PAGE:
Learning From Haitians About Hope
In this installment of the Founder Series Blog, Dr. Jo Anne Lyon reflects on an experience where her personal understanding of faith and hope deepened and grew, as she witnessed the power of hope in what she had perceived to be a hopeless situation…
I arrived on the Island of La Gonâve, Haiti, after a very long trip via plane, truck, and boat. I was ready for the typical cold shower and fall in bed. But when I disembarked from the small motorboat, I heard all kinds of sounds and a large crowd assembled on the beach.
Soon I learned the tragedy that had happened in a large ferry crossing from the mainland of Haiti to the Island. Yes, the ferry had tipped, and hundreds and hundreds of people were dumped into the Atlantic Ocean. I stood there and no longer thought of my tiredness but entered the pain of those who would find they had lost their loved ones and the joys of those who found their loved ones had survived. It was a mix of loud wailing and loud rejoicing.
I well remember hearing one mother weeping frantically as she was brought to shore. She told of holding on tightly to her two children as they tried to float to some type of safety. Then, suddenly, the small child on her left was hit by a wave and their handhold was broken. Her child, lost to the depths of the sea. I, too, stood there in tears as pain in my heart and body became almost more than I could bear. I immediately imagined myself in the place of these mothers, thinking of my own four children.
The night was hours and hours. Later I met with some of the Americans who were working on the Island and they too were weeping as some of these folks were their best friends. Finally, in the wee hours of the morning, I got the cold shower and stumbled into bed.
A ferry crossing over from La Gonâve to the Haitian mainland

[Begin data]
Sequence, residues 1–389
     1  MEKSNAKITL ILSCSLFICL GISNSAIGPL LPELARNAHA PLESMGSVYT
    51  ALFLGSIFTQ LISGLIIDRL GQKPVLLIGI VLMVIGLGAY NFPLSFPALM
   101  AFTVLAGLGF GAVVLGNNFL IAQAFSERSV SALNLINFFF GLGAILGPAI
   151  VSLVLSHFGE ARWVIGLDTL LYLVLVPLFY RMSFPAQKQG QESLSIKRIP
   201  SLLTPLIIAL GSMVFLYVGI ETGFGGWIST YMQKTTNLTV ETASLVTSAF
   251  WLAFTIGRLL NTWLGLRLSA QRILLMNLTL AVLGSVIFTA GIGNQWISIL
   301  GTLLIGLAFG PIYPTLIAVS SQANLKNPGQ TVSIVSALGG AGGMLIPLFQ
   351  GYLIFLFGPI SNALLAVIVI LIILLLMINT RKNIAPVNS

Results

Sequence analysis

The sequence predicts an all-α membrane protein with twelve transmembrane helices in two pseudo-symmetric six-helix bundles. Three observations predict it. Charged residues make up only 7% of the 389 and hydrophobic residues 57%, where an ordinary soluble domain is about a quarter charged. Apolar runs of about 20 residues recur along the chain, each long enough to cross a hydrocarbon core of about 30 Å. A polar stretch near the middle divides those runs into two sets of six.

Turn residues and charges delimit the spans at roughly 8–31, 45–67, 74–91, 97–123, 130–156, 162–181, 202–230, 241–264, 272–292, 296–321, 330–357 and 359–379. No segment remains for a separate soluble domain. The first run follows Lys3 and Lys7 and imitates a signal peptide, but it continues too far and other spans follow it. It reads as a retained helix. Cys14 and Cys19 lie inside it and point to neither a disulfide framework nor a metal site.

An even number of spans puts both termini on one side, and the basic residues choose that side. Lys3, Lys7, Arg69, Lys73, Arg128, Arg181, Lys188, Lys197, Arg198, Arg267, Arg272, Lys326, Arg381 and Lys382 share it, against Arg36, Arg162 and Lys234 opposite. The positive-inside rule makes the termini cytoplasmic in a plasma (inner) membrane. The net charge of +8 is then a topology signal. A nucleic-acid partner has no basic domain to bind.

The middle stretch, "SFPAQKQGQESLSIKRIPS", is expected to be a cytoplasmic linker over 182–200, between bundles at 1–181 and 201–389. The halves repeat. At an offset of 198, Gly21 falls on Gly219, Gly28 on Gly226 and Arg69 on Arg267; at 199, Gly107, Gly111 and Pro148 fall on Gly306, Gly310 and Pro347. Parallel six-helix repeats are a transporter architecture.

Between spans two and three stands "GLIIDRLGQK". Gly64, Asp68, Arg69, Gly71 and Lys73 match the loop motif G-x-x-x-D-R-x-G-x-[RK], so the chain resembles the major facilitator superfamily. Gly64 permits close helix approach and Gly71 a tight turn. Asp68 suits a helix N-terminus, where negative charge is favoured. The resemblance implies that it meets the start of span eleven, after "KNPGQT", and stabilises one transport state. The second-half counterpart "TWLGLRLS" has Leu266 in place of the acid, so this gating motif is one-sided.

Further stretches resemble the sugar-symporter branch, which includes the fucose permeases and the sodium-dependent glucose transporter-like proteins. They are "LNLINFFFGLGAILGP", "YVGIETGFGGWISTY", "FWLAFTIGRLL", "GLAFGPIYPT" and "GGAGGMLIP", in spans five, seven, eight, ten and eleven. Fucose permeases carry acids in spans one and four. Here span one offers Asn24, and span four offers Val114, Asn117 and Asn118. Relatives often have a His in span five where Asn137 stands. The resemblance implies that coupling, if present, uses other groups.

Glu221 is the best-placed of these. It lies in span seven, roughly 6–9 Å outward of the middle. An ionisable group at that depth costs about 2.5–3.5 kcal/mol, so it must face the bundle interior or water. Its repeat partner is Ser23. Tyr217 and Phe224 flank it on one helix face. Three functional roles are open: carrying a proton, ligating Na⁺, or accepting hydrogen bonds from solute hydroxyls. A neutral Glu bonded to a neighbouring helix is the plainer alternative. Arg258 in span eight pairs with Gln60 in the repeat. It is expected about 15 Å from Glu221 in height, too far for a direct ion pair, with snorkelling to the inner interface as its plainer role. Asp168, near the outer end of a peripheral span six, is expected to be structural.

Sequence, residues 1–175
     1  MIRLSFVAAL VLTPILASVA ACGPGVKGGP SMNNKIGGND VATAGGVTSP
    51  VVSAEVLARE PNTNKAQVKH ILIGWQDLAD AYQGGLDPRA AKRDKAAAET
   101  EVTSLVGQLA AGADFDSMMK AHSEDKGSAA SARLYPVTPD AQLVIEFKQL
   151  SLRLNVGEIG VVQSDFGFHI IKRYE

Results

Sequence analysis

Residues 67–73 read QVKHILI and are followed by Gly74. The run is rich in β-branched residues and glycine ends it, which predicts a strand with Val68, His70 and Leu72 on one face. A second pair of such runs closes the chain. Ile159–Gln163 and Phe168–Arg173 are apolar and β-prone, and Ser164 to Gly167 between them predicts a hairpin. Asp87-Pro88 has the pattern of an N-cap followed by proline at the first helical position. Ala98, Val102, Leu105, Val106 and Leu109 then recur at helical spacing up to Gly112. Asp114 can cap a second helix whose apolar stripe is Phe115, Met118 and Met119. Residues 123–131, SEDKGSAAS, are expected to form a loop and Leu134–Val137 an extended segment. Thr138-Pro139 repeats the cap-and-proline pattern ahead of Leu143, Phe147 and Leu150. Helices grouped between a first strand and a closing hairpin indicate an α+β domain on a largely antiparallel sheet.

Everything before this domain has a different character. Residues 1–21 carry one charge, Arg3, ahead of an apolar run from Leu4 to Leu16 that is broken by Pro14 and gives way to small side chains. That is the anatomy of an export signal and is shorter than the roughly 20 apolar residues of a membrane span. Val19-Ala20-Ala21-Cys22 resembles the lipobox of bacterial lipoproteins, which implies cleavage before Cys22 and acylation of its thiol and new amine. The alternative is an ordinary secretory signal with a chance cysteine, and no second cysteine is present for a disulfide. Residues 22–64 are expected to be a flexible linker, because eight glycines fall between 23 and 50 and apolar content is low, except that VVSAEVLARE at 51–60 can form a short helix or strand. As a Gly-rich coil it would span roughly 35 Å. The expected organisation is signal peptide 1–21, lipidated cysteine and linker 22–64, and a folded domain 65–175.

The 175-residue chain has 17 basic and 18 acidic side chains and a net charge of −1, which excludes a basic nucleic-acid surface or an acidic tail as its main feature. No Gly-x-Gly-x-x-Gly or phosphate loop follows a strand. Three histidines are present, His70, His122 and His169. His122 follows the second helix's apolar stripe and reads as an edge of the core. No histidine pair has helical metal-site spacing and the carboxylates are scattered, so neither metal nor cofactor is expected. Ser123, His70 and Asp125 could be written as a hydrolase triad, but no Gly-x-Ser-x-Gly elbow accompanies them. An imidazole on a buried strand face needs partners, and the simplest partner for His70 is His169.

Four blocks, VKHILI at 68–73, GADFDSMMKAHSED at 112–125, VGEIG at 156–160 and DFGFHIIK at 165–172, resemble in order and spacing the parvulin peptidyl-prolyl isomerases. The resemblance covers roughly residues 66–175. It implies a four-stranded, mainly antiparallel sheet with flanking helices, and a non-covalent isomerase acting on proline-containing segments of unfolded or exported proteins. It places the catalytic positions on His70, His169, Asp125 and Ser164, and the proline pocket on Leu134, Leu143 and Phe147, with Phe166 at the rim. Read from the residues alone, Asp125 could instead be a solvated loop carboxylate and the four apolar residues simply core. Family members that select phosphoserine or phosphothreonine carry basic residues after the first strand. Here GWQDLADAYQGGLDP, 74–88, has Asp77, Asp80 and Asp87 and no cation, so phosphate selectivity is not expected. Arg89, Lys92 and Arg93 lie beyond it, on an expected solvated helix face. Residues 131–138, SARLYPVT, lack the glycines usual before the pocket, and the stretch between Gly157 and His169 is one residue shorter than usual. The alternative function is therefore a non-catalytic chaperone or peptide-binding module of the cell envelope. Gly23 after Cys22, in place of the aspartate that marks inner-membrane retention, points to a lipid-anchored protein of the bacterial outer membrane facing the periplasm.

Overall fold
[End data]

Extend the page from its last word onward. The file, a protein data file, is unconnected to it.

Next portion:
The next morning, I went to the local Haitian Church. Normally, this church is filled to capacity. Everyone dressed in their Sunday best. Women with the most beautiful hats, men in their suits and ties, and little girls and little boys dressed as their adults. The service is abuzz with excitement, love, warmth, and welcome to all.
But this morning, the church was only partially filled. Yes, people had dressed as normal, but there was not the common vibrancy. The mood was somber. The pastor stood and explained that the people missing on that morning were out burying their dead. Then I realized how much this accident had impacted even this local church. I must admit I was sitting there thinking, “Lord. Where is your mercy? The people are already suffering. Are you present?” My doubts and faith shriveled in the midst of this.
The pastor then announced, “The Men’s Choir is going to sing our testimony about this Tragedy.”
In perfect a cappella harmony, the men began singing in Creole—and suddenly I caught the tune and knew the song in English….
“No One ever cared for me like Jesus, There’s no other friend so kind as He… Every Day He comes to me with new assurance; More and more I understand His words of love.” (Charles Weigle, 1932)
As they continued to sing this old hymn my heart grew in hope with each verse and chorus.
I better understood the words from Hebrews 6:23, “Let us hold unswervingly to the hope we profess, for he who promised is faithful.”
Today, World Hope International is working in 20+ countries around the world, including Haiti, to provide those in need with opportunity, dignity, and hope so they can possess the tools for change in themselves, their family, and their community.
To support these efforts, you can make a gift to The Hope Fund, which allows us to respond where and when it matters and continue projects centered on clean water & energy, protection, global health, and social enterprises.